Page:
After a nine year hiatus, New York-born electronica duo Fischerspooner seemed to decide now was the time to return and return they have. Releasing a truly hot record steeped in the homoerotic tradition of European electronica, the messages purveyed by the band seem to ring out like a shot in a time rocked by the refusal to accept others due to things like sexuality, gender identity, and their portrayal in the world at large. The original duo consisting of Warren Fischer and Casey Spooner have been in the orbit of the project for two decades now, have accrued a team of talented musicians and performers for both their recordings and extremely well-regarded live shows. Luckily in all the time spent preparing for their three show stint from March 14th to 16th at historic California venues such as The Regency Ballroom, The Fonda, and The Observatory (tickets available via their
Northern Transmissions: My first question would have to be regarding the longevity of the project itself in a sense. Would you (Warren) say that yours and Casey’s decision to returning to work together under the Fischerspooner moniker has always been a unanimous one?
Warren Fischer: I guess so. In fact we never stopped. We’re just slow. There have been tensions at times, but we always respect each others’ views so [that’s what makes] the project work.
NT: How has your respectively changing lives and other projects/pursuits affected that decision over the years? Or would you say you’re always working on Fischerspooner in a sense?
WF: Fischerspooner is a creative space that’s very unique and can never be replaced. I think we’ll do it till we die. The older we get the weirder it all is and I love that about it. When we’re 80 we’ll release our best album. John Peel is my spirit animal in this regard.
NT: Would you say that your ongoing commitment to the project over the past two decades has strengthened your body of work due to the fact that you are watching music (and even the world itself, politically and socially) grow and change around the project, and even take inspiration from that itself?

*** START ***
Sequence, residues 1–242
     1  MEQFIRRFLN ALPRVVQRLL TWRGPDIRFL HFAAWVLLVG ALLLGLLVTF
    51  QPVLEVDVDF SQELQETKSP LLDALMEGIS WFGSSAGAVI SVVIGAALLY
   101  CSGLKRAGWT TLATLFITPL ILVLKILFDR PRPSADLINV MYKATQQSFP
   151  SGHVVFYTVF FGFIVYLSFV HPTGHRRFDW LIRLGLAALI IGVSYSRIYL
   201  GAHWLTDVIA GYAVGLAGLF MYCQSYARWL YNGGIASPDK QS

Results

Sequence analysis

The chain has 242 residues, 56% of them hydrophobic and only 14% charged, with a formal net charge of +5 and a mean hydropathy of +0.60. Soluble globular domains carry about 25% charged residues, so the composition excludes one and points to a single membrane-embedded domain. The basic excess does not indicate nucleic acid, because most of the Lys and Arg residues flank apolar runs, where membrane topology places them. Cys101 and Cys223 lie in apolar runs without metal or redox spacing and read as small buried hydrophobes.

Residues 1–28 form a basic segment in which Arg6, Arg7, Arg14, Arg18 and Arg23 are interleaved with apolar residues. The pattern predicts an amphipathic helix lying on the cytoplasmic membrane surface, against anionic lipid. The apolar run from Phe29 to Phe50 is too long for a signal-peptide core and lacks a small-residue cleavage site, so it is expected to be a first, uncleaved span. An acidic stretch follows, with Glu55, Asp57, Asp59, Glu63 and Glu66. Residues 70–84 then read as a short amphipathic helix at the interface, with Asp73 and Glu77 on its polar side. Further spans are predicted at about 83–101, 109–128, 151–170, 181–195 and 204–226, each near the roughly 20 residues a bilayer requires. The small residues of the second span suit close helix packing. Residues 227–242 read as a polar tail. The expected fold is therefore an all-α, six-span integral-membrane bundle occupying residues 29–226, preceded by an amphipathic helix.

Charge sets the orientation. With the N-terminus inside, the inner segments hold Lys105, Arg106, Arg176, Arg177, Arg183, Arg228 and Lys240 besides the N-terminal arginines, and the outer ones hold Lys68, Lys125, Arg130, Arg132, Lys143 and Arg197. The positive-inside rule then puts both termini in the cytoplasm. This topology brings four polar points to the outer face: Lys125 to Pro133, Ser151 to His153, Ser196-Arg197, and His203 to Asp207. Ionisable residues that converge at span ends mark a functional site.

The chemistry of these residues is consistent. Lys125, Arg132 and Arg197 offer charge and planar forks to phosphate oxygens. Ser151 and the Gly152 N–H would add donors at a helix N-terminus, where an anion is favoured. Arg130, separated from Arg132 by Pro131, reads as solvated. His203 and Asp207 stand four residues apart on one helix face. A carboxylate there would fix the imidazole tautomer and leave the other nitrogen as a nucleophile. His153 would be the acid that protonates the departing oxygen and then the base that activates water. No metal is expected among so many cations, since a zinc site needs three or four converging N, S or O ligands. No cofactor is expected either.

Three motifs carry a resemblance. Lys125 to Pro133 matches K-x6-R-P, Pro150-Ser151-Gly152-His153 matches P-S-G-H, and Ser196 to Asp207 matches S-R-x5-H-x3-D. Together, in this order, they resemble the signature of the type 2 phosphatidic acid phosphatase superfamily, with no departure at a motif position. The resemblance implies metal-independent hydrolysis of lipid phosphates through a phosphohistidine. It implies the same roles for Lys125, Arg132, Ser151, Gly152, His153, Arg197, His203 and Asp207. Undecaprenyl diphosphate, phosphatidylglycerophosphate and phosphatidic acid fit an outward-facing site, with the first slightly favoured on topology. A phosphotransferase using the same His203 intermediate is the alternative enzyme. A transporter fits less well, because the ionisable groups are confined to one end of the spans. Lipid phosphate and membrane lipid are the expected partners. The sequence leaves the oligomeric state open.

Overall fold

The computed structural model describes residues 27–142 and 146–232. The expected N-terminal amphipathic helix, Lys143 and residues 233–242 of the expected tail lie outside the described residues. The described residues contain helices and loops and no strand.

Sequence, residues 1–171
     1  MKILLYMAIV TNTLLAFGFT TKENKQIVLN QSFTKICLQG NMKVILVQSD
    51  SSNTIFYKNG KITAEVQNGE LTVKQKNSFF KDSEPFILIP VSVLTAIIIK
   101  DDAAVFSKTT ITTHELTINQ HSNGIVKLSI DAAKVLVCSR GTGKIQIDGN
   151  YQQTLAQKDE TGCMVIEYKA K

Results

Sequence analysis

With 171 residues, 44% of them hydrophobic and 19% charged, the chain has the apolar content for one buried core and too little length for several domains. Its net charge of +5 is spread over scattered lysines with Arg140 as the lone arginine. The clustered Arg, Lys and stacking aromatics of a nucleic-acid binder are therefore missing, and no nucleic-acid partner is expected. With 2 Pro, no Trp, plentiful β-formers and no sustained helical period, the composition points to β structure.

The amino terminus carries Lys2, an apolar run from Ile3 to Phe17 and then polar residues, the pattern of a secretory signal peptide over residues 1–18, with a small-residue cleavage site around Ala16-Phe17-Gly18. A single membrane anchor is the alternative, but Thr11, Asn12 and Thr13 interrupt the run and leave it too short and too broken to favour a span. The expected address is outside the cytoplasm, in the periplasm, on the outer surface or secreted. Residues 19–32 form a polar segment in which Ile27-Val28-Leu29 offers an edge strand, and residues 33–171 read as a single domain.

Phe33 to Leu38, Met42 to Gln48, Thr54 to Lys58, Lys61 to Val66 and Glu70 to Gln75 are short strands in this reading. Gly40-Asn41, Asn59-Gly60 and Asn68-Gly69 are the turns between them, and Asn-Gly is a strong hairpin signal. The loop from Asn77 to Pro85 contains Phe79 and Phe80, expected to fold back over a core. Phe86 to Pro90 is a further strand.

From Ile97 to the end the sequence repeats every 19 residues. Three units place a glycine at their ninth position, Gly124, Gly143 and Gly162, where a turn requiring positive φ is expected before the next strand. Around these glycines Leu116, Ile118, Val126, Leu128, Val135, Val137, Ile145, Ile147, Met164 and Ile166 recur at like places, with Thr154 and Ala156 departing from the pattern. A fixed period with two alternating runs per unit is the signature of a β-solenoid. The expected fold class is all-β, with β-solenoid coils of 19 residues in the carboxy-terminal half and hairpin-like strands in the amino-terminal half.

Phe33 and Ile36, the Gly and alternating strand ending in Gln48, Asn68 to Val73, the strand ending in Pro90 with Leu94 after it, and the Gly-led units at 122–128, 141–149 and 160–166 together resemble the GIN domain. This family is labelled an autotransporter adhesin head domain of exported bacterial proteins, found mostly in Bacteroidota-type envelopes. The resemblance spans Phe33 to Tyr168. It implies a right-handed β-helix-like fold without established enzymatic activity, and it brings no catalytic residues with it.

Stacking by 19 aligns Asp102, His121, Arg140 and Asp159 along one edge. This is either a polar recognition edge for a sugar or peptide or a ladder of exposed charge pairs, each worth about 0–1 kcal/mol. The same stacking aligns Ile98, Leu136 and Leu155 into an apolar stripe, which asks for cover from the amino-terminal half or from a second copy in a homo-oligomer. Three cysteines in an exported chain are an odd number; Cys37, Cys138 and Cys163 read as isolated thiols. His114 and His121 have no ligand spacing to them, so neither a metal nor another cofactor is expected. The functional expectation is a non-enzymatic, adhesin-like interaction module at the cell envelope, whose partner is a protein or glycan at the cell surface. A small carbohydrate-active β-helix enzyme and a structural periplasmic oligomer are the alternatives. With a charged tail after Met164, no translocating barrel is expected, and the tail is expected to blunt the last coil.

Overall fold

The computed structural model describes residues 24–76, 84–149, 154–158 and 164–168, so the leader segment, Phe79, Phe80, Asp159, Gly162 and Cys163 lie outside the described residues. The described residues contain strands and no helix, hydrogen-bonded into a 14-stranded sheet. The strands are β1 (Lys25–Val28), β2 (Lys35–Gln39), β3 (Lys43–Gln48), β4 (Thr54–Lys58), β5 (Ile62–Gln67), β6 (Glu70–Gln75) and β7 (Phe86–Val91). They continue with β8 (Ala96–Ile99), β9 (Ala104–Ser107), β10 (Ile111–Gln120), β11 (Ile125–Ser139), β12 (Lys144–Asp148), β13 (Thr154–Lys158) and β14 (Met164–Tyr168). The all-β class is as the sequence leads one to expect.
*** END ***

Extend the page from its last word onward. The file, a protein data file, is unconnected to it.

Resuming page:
WF: I think that culture shifted in our direction over the years, which is why we wanted to make something different with this album. We hadn’t done an aggressively homosexual record, and felt like it was time to do so.
NT: How would you say that this new record plays into that considering the immense leaps the world has taken in the 9 years since “Entertainment”? Is there a ‘takeaway’ for listeners of “SIR” in your opinion or do you feel that it should be treated as standing completely on its own?
WF: Michael Stipe [Producer, R. E. M.] was a revelation in songwriting for us as well as everything else. He’s amazing. Andy Lemaster and Michael Cheever we’re also huge contributors, so we found our tribe for this record and it has it’s own sound due to that.
NT: Obviously your live performances have grown exponentially as both the art and art direction of the project has evolved, what can fans new and old expect from your newest batch of live shows? Is there anything in particular you want to draw attention to directly or do you feel it exists more as a collective piece to be experienced ‘in the flesh’ so to speak.
WF: I guess I would say the shows are defined by a few new ideas. One, the amazing lighting of John Torres, who does Robert Wilson and Kanye West. Second, solo dance appearances by an amazing revolving cast of mind blowing professionals from go go to ballet. Thirdly, the politics of sexuality and lastly, our best live band ever with Michael Cheever and drummer Gunnar Olsen.
Interview by Maguire Stevens